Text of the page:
2002 German federal election
The 2002 German federal election was held on 22 September 2002 to elect the members of the 15th Bundestag. Incumbent Chancellor Gerhard Schröder's centre-left "red-green" governing coalition retained a narrow majority, although the SPD retained their status as the largest party in the Bundestag.
All 603 seats in the Bundestag
302 seats needed for a majority
|Turnout||48,582,761 (79.1%) 3.1 pp|
The left side shows constituency winners of the election by their party colours. The right side shows Party list winners of the election for the additional members by their party colours.
Issues and campaignEdit
This section does not cite any sources. (January 2014) (Learn how and when to remove this template message)
Several issues dominated the campaign, with the opposition CDU/CSU attacking the government's performance on the economy which fell back into recession due to the Telecoms crash and the introduction of the euro, as well as campaigning on family values and against taxes (particularly on fuel). The SPD and Greens, on the other hand, were helped by broad support for its opposition to an invasion of Iraq, continued media attention on the CDU funding scandal and by Gerhard Schröder's personal popularity relative to the opposition's candidate for Chancellor, CSU leader Edmund Stoiber.
Early in the campaign, Guido Westerwelle, leader of the Free Democrats, declared himself a "Chancellor Candidate," usually a title reserved for the main election leaders of the SPD and CDU/CSU. This was met with general derision.
Although most opposition parties gained seats, and the result was in doubt for most of the election night, the governing coalition retained a narrow majority. In particular, the SPD was able to partially offset declines in their vote share in the West with an increase in the East, with the PDS falling below both the 5% threshold and the 3-seat threshold, either of which is required to qualify a party for top-up seats. Consequently, the PDS held only two directly-elected seats.
|Parties||Constituency||Party list||Total seats|
|Social Democratic Party (SPD)||20,059,967||41.9||−1.9||171||−41||18,488,668||38.5||−2.4||80||−6||251||−47||41.6|
|Christian Democratic Union (CDU)||15,336,512||32.1||−0.1||82||+8||14,167,561||29.5||+1.1||108||−16||190||−8||31.5|
|Christian Social Union (CSU)||4,311,178||9.0||+1.7||43||+5||4,315,080||9.0||+2.2||15||+6||58||+11||9.6|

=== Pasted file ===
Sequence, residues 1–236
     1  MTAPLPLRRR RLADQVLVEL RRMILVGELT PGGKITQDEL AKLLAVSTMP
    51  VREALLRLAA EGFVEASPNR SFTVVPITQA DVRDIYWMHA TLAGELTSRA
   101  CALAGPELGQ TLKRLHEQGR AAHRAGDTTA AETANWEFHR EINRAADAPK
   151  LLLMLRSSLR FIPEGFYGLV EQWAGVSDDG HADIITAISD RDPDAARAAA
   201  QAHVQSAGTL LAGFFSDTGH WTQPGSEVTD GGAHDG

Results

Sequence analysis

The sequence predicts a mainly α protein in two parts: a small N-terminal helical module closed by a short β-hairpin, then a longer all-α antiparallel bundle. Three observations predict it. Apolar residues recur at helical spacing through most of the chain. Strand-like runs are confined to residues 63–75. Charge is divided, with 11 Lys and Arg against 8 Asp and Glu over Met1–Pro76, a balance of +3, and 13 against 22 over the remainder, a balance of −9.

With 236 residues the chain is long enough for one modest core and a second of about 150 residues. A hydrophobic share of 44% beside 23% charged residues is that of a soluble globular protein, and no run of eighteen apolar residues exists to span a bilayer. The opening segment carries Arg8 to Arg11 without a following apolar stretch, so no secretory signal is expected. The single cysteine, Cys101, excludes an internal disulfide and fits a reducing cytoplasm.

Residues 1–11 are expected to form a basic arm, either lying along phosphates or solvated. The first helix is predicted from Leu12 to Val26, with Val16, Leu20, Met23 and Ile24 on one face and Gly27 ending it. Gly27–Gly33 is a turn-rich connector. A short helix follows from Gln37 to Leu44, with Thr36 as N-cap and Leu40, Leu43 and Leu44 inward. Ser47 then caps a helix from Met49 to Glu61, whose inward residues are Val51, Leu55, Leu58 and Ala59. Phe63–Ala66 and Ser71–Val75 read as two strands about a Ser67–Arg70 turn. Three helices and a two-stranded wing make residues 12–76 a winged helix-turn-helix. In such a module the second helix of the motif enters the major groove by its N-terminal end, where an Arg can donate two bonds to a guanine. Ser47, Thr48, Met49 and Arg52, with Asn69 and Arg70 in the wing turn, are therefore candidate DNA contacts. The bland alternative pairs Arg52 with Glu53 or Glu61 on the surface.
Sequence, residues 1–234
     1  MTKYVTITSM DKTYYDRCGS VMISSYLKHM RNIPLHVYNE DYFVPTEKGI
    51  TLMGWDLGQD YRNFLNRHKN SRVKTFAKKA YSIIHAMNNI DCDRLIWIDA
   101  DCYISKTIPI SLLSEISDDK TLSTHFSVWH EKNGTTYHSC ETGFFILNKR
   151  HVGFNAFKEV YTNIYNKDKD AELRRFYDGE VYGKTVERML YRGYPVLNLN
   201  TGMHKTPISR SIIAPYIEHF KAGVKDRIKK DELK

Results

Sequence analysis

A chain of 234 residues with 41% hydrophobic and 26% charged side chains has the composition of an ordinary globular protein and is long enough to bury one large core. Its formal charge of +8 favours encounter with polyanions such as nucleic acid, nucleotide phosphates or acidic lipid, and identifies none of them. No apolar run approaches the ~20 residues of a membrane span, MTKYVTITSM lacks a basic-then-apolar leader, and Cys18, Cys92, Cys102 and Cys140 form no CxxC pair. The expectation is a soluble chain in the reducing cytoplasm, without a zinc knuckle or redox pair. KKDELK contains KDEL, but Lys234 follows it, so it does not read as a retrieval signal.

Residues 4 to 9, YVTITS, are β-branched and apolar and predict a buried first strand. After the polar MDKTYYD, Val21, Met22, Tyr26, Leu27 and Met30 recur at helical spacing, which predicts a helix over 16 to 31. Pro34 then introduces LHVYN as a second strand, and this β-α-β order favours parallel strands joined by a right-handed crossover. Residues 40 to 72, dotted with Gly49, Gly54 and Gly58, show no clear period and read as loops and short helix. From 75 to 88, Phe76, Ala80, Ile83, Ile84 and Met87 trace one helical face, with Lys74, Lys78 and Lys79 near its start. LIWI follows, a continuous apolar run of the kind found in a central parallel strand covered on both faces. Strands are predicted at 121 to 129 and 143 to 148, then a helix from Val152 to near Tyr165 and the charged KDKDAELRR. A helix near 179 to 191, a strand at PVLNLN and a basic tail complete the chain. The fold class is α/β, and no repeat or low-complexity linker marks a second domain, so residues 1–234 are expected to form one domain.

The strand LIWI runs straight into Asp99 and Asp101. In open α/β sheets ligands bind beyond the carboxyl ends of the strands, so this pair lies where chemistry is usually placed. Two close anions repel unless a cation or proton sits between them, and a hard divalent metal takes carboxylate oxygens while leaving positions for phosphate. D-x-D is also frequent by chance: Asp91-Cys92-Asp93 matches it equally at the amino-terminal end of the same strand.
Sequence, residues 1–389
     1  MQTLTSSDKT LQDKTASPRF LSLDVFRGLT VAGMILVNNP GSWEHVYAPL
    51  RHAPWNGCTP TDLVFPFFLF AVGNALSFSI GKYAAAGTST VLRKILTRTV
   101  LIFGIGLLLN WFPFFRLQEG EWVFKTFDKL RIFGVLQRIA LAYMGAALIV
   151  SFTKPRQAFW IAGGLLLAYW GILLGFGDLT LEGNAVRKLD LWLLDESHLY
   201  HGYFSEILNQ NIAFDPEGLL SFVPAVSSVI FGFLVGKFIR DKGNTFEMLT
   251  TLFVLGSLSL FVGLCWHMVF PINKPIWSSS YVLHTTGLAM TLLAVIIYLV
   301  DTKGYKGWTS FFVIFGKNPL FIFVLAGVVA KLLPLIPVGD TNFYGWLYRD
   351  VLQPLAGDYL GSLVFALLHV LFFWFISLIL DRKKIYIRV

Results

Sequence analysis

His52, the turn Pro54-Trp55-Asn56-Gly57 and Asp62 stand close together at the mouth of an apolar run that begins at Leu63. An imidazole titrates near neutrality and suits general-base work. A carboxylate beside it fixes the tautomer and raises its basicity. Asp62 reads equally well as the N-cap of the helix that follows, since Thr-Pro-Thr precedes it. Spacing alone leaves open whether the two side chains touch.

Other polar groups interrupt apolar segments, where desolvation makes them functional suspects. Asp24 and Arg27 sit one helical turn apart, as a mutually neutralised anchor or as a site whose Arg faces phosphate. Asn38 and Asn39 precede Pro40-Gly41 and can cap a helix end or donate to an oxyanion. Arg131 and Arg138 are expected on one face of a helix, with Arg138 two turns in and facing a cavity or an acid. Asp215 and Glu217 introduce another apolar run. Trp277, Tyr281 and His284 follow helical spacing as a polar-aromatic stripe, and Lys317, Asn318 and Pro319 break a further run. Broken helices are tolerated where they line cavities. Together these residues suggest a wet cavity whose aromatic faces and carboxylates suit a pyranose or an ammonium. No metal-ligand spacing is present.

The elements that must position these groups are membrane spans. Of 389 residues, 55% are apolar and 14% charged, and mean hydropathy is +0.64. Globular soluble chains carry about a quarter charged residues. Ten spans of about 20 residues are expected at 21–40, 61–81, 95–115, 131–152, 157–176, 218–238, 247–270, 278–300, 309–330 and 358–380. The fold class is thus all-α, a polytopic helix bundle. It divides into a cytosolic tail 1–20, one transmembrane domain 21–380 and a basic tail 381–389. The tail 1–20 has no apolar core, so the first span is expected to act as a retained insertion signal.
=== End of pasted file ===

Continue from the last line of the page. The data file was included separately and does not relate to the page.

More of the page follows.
|Alliance '90/The Greens||2,693,794||5.6||+0.6||1||+1||4,110,355||8.6||+1.9||54||+7||55||+8||9.1|
|Free Democratic Party (FDP)||2,752,796||5.8||+2.8||0||±0||3,538,815||7.4||+1.1||47||+4||47||+4||7.8|
|Party of Democratic Socialism (PDS)||2,079,203||4.3||−0.6||2||−2||1,916,702||4.0||−1.1||0||−32||2||−34||0.3|
|Party for a Rule of Law Offensive (Schill party)||120,330||0.3||+0.3||0||±0||400,476||0.8||+0.8||0||±0||0||±0||0|
|The Republicans (REP)||55,947||0.1||−0.5||0||±0||280,671||0.6||−1.2||0||±0||0||±0||0|
|National Democratic Party (NPD)||103,209||0.2||+0.1||0||±0||215,232||0.4||+0.1||0||±0||0||±0||0|
|Animal Protection Party||8,858||0.0||±0||0||±0||159,655||0.3||±0||0||±0||0||±0||0|
|The Grays – Gray Panthers (GRAUE)||75,490||0.2||−0.1||0||±0||114,224||0.2||−0.1||0||±0||0||±0||0|
|Party of Bible-abiding Christians (PBC)||71,106||0.1||±0||0||±0||101,645||0.2||+0.1||0||±0||0||±0||0|
|Ecological Democratic Party (ödp)||56,593||0.1||−0.2||0||±0||56,898||0.1||−0.1||0||±0||0||±0||0|
|Feminist Party (DIE FRAUEN)||2,264||0.0||±0||0||±0||36,832||0.1||±0||0||±0||0||±0||0|
|Family Party (FAMILIE)||15,138||0.0||±0||0||±0||30,045||0.1||±0||0||±0||0||±0||0|
|Christian Centre (CM)||2,413||0.0||±0||0||±0||15,440||0.0||±0||0||±0||0||±0||0|
|Bavaria Party (BP)||6,757||0.0||±0||0||±0||9,379||0.0||±0||0||±0||0||±0||0|
|Party for Pension Justice and Family (PRG)||4,363||0.0||+0.0||0||±0||7,499||0.0||+0.0||0||±0||0||±0||0|
|Departure for Civil Rights, Freedom and Health (AUFBRUCH)||2,895||0.0||+0.0||0||±0||4,697||0.0||+0.0||0||±0||0||±0||0|
|Centre Party (Zentrum)||1,823||0.0||±0||0||±0||3,127||0.0||+0.0||0||±0||0||±0||0|
|Humanist Party (HP)||1,385||0.0||±0||0||±0||2,485||0.0||±0||0||±0||0||±0||0|
|The Violets (Violetten)||840||0.0||+0.0||0||±0||2,412||0.0||+0.0||0||±0||0||±0||0|
|Communist Party (KPD)||686||0.0||+0.0||0||±0||1,624||0.0||+0.0||0||±0||0||±0||0|
|German Social Union (DSU)||6,003||0.0||±0||0||±0||–||–||–||–||–||0||±0||0|
|German Communist Party (DKP)||3,953||0.0||±0||0||±0||–||–||–||–||–||0||±0||0|
|Freedom Party (FP Deutschlands)||2,003||0.0||±0||0||±0||–||–||–||–||–||0||±0||0|
|Alliance for Germany (Deutschland)||571||0.0||±0||0||±0||–||–||–||–||–||0||±0||0|
|Electoral groups and independents||43,116||0.1||±0||0||±0||–||–||–||–||–||0||±0||0|
|Source: Federal Returning Officer|
The coalition between the SPD and the Greens continued in government with Gerhard Schröder as chancellor. However, due to the slim majority in the Bundestag, the governing coalition was not stable.
- Stoiber was endorsed as the CDU/CSU's Chancellor candidate on 11 January 2002, while Angela Merkel remained as CDU leader. Stoiber had served as leader of the CSU since 9 October 1999.
- Stoiber was elected on the CSU's Bavaria list, but did not accept his mandate after the election.